My Bookmarking Woes!
Bookmarking websites has been a practice as old as browsers themselves. It’s a great way to remember those interesting, useful or fun websites that you frequent. Being online at work and at home, I never know when I am going to come across a website that I want to bookmark for future reference.
One of the major downfalls of a web browser’s bookmarking capabilities is that the bookmark itself is stored on your computer. If I bookmark a website at work, that same bookmark will not be available on my home computer until I bookmark it again.
A Bookmarking Breakthrough!
A few years ago I came across Google Toolbar. This web browser plug-in from Google would allow you to manage your bookmarks from any browser on any machine. This meant that I could bookmark a website using the Google Toolbar at work, and if I had the Google Toolbar installed in my browser at home, I could access the same list of bookmarks. No longer did I have to manage two sets of bookmarks – what a breakthrough! All you needed was a Google account and the Google Toolbar installed.
Over the past year or so, I’ve heard talk about Social Bookmarking. I ignored the talk and kept working with Google Bookmarks. Finally, a few months ago, I broke down and looked into Delicious. At first I must admit, I wasn’t overly impressed with Delicious. I thought it was another bookmarking website that provided a method of having bookmarks accessible on any computer. I was wrong! It involves changing the way one thinks from traditional bookmarking schemes using folders to organize to using tagging as a way to organize.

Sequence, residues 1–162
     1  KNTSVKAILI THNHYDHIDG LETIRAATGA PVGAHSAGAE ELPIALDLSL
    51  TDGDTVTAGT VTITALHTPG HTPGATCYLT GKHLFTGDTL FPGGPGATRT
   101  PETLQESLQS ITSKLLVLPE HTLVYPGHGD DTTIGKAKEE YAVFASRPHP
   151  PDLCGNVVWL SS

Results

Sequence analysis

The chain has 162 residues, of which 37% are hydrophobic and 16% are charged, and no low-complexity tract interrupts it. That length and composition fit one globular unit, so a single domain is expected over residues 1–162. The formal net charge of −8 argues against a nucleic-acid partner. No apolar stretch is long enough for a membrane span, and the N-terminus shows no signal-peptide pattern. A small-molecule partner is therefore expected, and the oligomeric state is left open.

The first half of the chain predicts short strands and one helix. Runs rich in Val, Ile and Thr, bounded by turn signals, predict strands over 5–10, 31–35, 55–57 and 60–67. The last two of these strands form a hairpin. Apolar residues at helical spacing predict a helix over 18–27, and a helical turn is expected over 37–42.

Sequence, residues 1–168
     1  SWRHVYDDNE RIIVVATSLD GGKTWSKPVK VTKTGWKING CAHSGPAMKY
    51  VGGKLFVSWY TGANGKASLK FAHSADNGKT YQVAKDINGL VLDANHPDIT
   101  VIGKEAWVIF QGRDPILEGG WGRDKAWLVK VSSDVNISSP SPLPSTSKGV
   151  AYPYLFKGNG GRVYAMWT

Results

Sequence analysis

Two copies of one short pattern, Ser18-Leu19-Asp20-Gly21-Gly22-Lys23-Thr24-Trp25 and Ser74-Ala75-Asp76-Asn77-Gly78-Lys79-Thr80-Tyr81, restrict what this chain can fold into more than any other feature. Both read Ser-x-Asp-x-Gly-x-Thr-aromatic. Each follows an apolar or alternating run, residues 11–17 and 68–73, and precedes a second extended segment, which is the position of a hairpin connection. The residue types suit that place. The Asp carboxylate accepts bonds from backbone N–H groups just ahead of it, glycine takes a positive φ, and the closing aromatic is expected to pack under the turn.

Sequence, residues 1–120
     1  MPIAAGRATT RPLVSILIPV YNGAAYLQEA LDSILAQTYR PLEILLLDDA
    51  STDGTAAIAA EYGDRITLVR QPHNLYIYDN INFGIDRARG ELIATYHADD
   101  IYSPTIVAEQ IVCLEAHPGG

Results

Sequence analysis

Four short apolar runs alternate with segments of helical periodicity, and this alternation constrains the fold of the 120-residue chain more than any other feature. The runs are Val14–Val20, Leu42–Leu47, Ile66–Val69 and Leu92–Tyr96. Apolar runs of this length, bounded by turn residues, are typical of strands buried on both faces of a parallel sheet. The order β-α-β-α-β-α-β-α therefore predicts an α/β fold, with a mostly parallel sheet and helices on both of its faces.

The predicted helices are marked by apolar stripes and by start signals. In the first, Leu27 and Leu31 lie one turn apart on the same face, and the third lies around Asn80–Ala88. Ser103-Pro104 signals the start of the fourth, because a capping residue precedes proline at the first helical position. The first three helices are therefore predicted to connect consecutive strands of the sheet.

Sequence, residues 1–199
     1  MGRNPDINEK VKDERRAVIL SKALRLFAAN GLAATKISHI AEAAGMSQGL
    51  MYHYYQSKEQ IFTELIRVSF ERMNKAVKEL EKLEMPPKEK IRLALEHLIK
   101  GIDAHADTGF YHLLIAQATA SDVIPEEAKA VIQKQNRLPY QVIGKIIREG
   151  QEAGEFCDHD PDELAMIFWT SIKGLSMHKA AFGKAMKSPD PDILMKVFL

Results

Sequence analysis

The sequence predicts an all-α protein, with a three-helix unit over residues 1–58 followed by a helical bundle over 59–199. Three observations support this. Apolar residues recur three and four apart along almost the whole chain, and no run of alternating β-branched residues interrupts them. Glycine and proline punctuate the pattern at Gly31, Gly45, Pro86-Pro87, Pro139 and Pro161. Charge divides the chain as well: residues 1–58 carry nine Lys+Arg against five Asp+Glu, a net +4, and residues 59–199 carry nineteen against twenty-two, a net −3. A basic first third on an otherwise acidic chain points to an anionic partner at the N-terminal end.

One of the greatest benefits I see that will come from using tagging in bookmarking is the freedom it provides in organizing bookmarks. For example, I may come across a website that had a great tutorial on how to create a cool web graphic. Instead of being limited and putting the bookmark in a folder called ‘Tutorials’, I could tag the website with ‘graphic tutorial web’. I could do a search on any of those tags and the website tutorial would be returned.
I realize that Google Bookmarks does now have similar functionality, but instead uses the term labels instead of tags. The two features that I think separate Delicious and other social bookmarking websites from Google Bookmarks is the ability to share out your bookmarks, if desired and to in turn view bookmarks from others in your network.
I am still in the infant stages of understanding social bookmarking, but I think it will provide some great opportunities and improve my collaboration efforts. I encourage others to investigate and take the leap to social bookmarking or at least move your bookmarks online to Google Bookmarks or a similar online bookmarking service.